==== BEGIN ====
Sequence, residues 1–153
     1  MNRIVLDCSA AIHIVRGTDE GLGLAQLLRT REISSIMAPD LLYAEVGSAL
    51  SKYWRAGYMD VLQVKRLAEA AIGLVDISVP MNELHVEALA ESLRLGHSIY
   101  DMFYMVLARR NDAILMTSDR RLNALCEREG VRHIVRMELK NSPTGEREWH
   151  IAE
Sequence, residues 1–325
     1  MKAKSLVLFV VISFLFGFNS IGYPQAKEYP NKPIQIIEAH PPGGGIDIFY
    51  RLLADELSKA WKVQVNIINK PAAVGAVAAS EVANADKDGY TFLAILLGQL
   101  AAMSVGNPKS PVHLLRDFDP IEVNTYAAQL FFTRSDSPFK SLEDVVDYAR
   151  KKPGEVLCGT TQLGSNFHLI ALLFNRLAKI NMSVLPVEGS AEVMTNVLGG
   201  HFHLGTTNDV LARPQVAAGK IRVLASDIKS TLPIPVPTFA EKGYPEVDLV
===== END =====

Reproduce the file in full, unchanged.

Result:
Sequence, residues 1–153
     1  MNRIVLDCSA AIHIVRGTDE GLGLAQLLRT REISSIMAPD LLYAEVGSAL
    51  SKYWRAGYMD VLQVKRLAEA AIGLVDISVP MNELHVEALA ESLRLGHSIY
   101  DMFYMVLARR NDAILMTSDR RLNALCEREG VRHIVRMELK NSPTGEREWH
   151  IAE
Sequence, residues 1–325
     1  MKAKSLVLFV VISFLFGFNS IGYPQAKEYP NKPIQIIEAH PPGGGIDIFY
    51  RLLADELSKA WKVQVNIINK PAAVGAVAAS EVANADKDGY TFLAILLGQL
   101  AAMSVGNPKS PVHLLRDFDP IEVNTYAAQL FFTRSDSPFK SLEDVVDYAR
   151  KKPGEVLCGT TQLGSNFHLI ALLFNRLAKI NMSVLPVEGS AEVMTNVLGG
   201  HFHLGTTNDV LARPQVAAGK IRVLASDIKS TLPIPVPTFA EKGYPEVDLV